Among the world’s most glamorized and vilified agencies, the CIA is keeping up with the times, and presenting a new image to the public with a digital facelift – a prerequisite for any brand presence in the 21st century, particularly one charged with national intelligence.

It's also reaching out beyond its website, as evidenced by the above. America's Central Intelligence Agency has a new video on its YouTube channel — that’s right the CIA has a YouTube channel — as the first in a series of webisodes meant to engage not only the public, but children.

The CIA K-9 CAM web series, features a specially-trained canine host named Bradley, a black lab that's meant to engage kids as much as Dora the Explorer or Diego might. It’s part of a push to make the infamous spy agency more transparent and user-friendly.

The agency's revamped website now links to YouTube and Flickr with current and historical videos about the agency and copyright-free pictures from

In keeping with this friendlier public face, the site also added a robust "Kids' page" arranged by K-5 and 6-12, with sections for Parents and Teachers, Puzzles and Games, and links to other national security agencies such as - Defense Intelligence Agency Kids and National Geospatial-Intelligence Agency Children’s Page, and, of course, Bradley’s homebase.

Continued enhancements in the next few months include a truncated, text-based mobile-friendly version of the full site and translation to foreign languages.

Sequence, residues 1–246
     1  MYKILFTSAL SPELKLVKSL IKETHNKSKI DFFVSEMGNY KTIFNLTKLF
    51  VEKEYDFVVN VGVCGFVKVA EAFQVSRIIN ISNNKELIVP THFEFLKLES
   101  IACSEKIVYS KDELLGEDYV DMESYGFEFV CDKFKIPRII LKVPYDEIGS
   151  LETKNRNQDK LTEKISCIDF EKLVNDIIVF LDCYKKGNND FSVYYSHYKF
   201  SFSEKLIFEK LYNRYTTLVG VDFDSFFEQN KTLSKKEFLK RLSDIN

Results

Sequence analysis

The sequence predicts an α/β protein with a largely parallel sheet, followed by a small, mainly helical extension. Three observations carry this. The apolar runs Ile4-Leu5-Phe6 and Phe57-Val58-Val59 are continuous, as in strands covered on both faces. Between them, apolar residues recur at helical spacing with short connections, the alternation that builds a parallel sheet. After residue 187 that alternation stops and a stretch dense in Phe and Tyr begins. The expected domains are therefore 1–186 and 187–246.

"The idea behind these improvements is to make more information about the Agency available to more people, more easily," stated CIA Director Leon Panetta. "The CIA wants the American people and the world to understand its mission and its vital role in keeping our country safe."

As far back as George Washington days, the U.S. has carried out “intelligence activities,” but it was during World War II that President Franklin D. Roosevelt named New York lawyer and war hero, William J. Donovan as Coordinator of Information, and subsequently head of the Office of Strategic Services (OSS) in 1942. The OSS was the forerunner to the CIA.

Hollywood has reaped a box-office bonanza from movies about the agency including the Bourne film series with Matt Damon, Mission Impossible with Tom Cruise, Patriot Games and more, including the Fockers franchise starring Robert De Niro as a retired CIA agent. (On the down side, there was Naomi Woods as Valerie Plame in Fair Game, a tale of betrayal and political chicanery involving the agency.)

Teens, meanwhile, may already engage with the CIA brand via videogames based on Tom Clancy books, such as Tom Clancy's Splinter Cell and Solid Snake.

Now, with Bradley the black lab, there's a new mascot and digital initiative to foster the brand's image even younger. While we doubt the CIA will go as far as Disney and distribute branded onesies to newborn Americans, it's a fascinating branding story we'll be watching.